Ang Lee

Ang Lee (Photo credit: jiadoldol)

I was initially going to place Michael Haneke in the third position but then I thought I’d place him in the  second position. But now I’ve changed my mind again: it is Ang Lee who’s in my runners-up position for Best Director for his film Life of Pi. His film is truly wonderful with one of the best opening credits sequence you can get in film; there are beatific shots of different zoo animals and birds resting peacefully or gamboling playfully as the melodious score by Mychael Danna hums mellifluously till the opening credits end. Almost all the scenes are beautifully shot and Ang Lee is totally invested in making his film look as magically majestic as possible; you can’t believe just how realistic the animals in his film look (they’re all CGI!). Some of the scenes are so profound you find almost plunging into the depth of the film’s oceanic themes; take for instance the moment where Pi looks into the ocean and we are taken way below the depths of the waters, below the aquatic creatures till we see images of his past, images of people whom he has lost forever. Then the camera brings us back to the surface and pans straight into the tiger’s face looking at Pi. I can never forget the impact this shot had on me: it was way beyond wonderful. My only gripe with this film is that Suraj Sharma is no Quvenzale Wallis (she’s the lead in Beasts of the Southern Wild); he cannot say a line without concealing the hint of artificiality in his tone. He’s probably the only reason why I place Ang Lee in the second position; a director is to be held responsible for his casting choice, especially when they are big directors and get complete freedom in choosing their cast.

 

The winner, in my opinion is Michael Haneke for the film Amour. It’s a poignant film which has the director’s signature style all over it. You see the director’s touch especially when he decides to include shots of landscape paintings and empty rooms in two separate montage sequences to capture a sense of loneliness and dismalness. Haneke splendidly keeps us engrossed for over two hours, allowing us to watch the couple’s final journey without cutting unnecessarily or allowing any theatrically to seep in the film. The greatest part is how is modulates the pace of the film through the camera (while I know it’s the DOP who operates the camera, it’s mostly the director who chooses the right shots. In fact DOP Darius Khondji’s digital photography was rejected by Haneke, who worked more than a year to get the film done in his way): in the beginning, while a shot tracks the fireman as he looks around the couple’s empty home to only find the dead body of the woman, the next flashback shot of the couple leaving the theater, going home and having breakfast the next morning is all shown in middle-to-long shots, which only changes to close up shots when the husband realizes that his wife is acting unresponsive and strange. The best decision by Haneke was to restrain the music only to certain scenes to let it act as a motif in the film.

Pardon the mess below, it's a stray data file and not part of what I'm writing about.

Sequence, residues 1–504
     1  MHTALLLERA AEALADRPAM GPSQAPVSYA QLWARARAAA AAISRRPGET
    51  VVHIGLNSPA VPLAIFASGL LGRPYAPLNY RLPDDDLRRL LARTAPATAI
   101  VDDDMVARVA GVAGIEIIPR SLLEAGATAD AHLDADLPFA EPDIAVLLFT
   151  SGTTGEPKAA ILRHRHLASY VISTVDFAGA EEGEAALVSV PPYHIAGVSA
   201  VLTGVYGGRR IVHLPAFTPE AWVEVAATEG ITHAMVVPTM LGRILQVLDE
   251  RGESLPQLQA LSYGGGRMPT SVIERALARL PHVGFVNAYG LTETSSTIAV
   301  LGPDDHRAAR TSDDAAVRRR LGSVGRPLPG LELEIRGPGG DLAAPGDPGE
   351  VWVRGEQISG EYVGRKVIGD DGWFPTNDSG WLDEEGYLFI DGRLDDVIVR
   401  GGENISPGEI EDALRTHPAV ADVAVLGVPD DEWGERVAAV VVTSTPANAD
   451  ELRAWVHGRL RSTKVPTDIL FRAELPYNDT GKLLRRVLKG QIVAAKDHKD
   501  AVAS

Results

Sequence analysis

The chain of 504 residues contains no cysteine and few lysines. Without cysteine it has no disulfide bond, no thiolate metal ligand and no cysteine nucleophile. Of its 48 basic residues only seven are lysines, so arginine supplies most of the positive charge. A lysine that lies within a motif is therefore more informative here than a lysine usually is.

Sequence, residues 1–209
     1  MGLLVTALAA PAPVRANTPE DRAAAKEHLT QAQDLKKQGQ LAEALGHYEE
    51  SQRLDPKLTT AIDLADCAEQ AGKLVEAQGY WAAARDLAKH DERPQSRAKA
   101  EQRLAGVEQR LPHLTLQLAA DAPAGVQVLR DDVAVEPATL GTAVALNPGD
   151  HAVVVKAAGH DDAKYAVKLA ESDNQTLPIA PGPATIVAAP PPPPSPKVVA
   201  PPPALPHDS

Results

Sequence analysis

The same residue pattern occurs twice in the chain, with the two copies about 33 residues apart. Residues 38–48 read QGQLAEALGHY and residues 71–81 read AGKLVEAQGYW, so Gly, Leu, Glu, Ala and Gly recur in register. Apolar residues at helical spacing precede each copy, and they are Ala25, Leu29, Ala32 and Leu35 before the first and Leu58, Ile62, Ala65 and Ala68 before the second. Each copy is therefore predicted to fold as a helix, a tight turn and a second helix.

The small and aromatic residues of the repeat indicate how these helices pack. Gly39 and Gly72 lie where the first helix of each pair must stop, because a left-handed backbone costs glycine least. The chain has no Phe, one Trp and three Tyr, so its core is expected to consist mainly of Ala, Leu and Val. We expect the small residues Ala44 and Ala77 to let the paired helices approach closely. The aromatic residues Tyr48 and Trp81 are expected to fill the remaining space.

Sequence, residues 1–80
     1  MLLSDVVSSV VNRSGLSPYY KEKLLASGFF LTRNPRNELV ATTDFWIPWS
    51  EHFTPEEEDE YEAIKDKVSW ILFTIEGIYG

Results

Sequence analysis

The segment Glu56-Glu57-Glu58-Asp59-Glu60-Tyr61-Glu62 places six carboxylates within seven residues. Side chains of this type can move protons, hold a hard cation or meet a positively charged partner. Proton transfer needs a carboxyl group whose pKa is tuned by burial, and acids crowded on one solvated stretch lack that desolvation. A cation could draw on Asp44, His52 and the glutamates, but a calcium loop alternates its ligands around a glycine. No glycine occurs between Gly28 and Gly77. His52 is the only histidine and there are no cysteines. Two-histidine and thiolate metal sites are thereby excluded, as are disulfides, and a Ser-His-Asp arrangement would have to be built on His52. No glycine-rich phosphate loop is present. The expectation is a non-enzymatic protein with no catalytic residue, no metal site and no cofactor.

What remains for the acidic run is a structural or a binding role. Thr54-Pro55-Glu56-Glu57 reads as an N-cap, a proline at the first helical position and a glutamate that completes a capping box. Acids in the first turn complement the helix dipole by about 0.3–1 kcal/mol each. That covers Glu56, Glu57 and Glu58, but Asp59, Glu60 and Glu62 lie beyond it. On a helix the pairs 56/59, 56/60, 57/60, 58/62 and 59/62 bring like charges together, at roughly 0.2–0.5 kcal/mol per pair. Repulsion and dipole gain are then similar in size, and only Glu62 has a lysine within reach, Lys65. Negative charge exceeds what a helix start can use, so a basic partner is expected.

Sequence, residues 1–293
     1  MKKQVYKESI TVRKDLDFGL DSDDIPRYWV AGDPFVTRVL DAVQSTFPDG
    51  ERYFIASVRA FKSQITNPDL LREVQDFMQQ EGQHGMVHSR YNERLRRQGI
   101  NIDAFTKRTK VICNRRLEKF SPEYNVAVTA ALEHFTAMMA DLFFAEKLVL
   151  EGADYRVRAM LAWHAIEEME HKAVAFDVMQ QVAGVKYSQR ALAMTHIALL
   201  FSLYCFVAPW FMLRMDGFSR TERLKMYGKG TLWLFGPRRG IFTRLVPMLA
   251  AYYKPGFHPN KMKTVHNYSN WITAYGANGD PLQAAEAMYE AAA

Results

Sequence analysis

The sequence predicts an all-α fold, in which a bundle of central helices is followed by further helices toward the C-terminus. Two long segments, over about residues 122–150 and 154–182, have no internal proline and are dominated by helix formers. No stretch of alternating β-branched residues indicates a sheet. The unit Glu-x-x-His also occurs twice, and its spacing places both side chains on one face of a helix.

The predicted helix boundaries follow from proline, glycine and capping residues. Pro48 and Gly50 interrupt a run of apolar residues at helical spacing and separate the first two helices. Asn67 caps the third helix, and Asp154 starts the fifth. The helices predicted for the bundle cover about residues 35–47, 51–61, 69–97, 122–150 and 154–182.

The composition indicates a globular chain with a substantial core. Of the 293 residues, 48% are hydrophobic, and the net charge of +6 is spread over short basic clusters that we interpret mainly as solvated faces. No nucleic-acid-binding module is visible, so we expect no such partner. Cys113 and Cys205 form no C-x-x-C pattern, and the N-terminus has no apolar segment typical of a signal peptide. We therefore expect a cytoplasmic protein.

So there you have my choice for the Best Director of 2012 in film. Although it’s been long since the last Academy Awards, India has yet not been able to get a number of these films and hence my verdict comes a bit late.

 

 

Reviewing ‘Silver Linings Playbook’ – David O. Russell’s Oscar Nominated Work

Robert De Niro at the premiere of Baby Mama in...

Robert Deniro plays Pat Sr. In Silver Linings Playbook(Photo credit: Wikipedia)

 

Summary: Cooper Plays Pat With Such Believability We Begin Pitying His Character, So Much That We Are Left Dissatisfied With The Resolution The Film Offers Him

There is a thin line of difference between ‘eccentric’ and ‘unstable’: Pat Solitano, a victim of bi-polar disorder behaved more unstable than eccentric or quirky, and so I pitied him instead of loving him. Bradley Cooper has Pat’s uncontrollable anxiety down to a tee and he plays his character with great sincerity because of which we sympathize with him all the more. Silver Lining Playbook’s humor seemed more dark than quirky in the first half, and when the director David O. Russell brings in the screwball comedy post intermission, I was a tad disappointed because I was looking forward to a better resolution for Pat’s dilemma. Maybe Cooper should have performed his character with less believability and more stylization, and then I may have laughed with him all along. But since the actor plays every moment of his character with utmost sincerity and believability, I could not laugh at his actions and behavior before intermission. I pitied him, I prayed for him, I had a lump in my throat when he began screaming at the top of his lungs in the middle of the night, but I did not laugh much.